Tuesday, July 15, 2014

The Most Marketable Skill

This post is written in partnership with Webucator, an online training company which allows you to take personalized training courses at your own speed. Check them out here! In honor of the class of 2014, Webucator is hosting the Most Marketable Skill campaign to help their students develop critical skills for the workforce.

No compensation was received for this post. I am honored to help the class of 2014 with whatever expertise I may have!

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As an academic advisor at an university for three years, I was given the opportunity to learn first-hand what skills employers look for in new employees. Experience, resumes and networking are all important skills of course, but the skill I consider most important is very basic: writing a professional email.

During my tenure as an advisor, I received hundreds if not thousands of emails from students. More than I wish to admit contained poor grammar, misspellings and run-on sentences. Sometimes, I could not even decipher the student's request through their "word mud"! Perhaps it is my background in public relations, but I believe in our technology soaked world, emails are an important first contact you will have with many working professionals. It is the first impression you give many people. What does a poorly written email say about you?

Let's take a look at a poorly written email example by a student and see what their words communicate about them.
Subject:  U GOT HELP ME OUT, PLEASE 

HI DOCTOR, U TOLD ME AM GOING TO MAKE A  "B" EVEN WITHOUT  DOIN THE FINAL BUT UNFORTUNATELY U GAVE A "C" WHICH IS OF NO GOOD TO ME.PLEASE DOCTOR CHECK MY COURSE COMPASS,MY TEST AND MY FINALS OUT AGAIN PLEASE CAUSE WITHOUT U PASSING I MEAN GETTIN A "B" AM NO GOOD AT ALL AND ACADEMIC IS GOING TO BE AFFECTED REAL BAD PLEASE ONCE AGAIN LOOK INTO MY CASE.

Hmmm. Abbreviations, poor grammar, run-on sentences...what do you think the professor who received this email thought of the student? Obviously, the student is unprepared. He or she does not communicate their request in a legible manner, which makes you wonder if they even attend college at all!

Writing proper emails is not just important for students. As I mentioned before, much of the professional communication in today's workforce is conducted through email. Would a reference look twice if you sent them an email like this requesting a letter? Would a potential employer think twice about hiring you with an email like this? Would you build respect among coworkers with an email like this? I think not!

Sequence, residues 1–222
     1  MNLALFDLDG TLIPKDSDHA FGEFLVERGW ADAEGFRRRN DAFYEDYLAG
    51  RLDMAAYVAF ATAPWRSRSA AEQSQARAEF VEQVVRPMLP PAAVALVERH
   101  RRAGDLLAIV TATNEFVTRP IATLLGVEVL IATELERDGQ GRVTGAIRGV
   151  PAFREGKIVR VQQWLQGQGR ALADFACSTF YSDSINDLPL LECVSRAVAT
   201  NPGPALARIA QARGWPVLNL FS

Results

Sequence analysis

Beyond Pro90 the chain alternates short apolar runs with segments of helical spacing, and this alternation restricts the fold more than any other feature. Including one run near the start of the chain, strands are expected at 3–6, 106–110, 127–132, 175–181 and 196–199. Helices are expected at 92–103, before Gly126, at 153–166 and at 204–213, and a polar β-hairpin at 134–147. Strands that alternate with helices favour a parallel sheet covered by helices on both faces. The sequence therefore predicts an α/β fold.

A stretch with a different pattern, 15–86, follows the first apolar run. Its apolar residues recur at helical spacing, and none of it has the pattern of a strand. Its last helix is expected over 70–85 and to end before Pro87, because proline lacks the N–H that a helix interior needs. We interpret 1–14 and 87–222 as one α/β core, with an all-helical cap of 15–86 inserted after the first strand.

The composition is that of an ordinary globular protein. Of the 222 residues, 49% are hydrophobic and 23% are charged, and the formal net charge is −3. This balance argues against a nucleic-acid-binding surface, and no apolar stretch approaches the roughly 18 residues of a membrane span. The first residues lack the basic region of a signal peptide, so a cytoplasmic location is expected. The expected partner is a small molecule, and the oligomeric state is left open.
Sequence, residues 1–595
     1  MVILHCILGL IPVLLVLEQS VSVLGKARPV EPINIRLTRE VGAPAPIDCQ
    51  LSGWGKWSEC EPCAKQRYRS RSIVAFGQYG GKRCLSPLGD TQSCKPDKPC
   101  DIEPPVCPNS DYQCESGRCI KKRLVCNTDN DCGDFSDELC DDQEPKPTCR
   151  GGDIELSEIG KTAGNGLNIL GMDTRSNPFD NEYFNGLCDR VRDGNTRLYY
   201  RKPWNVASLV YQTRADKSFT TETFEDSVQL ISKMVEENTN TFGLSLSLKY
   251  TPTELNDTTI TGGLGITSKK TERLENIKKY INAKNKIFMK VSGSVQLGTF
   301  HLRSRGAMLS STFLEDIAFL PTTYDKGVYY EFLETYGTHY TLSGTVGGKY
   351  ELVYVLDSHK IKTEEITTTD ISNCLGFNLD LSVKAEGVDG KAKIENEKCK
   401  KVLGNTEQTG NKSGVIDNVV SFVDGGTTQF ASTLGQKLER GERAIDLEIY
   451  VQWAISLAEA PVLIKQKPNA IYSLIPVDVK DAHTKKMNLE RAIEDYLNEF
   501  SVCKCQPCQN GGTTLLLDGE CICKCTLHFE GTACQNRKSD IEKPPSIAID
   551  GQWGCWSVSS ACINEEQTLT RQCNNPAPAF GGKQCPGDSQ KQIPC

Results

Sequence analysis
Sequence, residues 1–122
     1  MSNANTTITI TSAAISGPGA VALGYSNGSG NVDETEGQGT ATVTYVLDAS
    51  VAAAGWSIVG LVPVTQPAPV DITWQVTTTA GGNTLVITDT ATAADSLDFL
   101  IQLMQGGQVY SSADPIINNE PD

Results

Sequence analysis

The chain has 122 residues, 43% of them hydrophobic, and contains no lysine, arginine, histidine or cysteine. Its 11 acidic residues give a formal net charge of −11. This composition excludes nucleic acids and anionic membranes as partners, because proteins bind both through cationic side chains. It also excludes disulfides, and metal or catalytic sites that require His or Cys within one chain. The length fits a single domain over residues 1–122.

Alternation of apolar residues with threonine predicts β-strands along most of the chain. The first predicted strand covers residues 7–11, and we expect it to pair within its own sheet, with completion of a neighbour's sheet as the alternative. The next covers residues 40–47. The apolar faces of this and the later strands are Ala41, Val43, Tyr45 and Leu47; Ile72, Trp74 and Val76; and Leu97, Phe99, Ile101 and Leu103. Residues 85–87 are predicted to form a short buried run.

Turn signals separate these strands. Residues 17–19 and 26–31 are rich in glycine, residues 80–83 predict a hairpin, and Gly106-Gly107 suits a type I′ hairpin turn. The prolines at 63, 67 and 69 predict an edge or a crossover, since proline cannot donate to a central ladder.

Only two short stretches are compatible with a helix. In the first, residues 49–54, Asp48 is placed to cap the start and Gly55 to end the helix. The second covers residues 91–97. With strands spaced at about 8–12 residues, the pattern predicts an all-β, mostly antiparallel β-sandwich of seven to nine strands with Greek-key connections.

So now that we know how not to write an email, what are some components we should include?

Appropriate Subject and Introduction

The email subject is the first thing the reader will see when your email arrives in their inbox. Make sure the subject tells exactly why you are emailing them so they are more likely to open the message.

It is also important to address people correctly. Work emails are typically more formal, so always address the recipient by their title. For example, Dr. Moore for a professor or Mr. Walker for a potential employer. More informal emails such as those to a coworker can use first names, but it is usually a good rule of thumb to remain more formal in emails.

Tell Them Who You Are

Especially in emails to a person you have never met before, it is important to let them know who you are and why you are emailing them. As I mentioned before, I received hundreds of emails as an advisor (thankfully not all at once!). Most professionals have more than one email in their inbox every day, so do not waste their time by writing a novel! Explain who you are and why you are emailing them at the very beginning.

Be Brief

Professionals have limited time. Respect their time by getting to the point. After stating who you are, let them know what you need.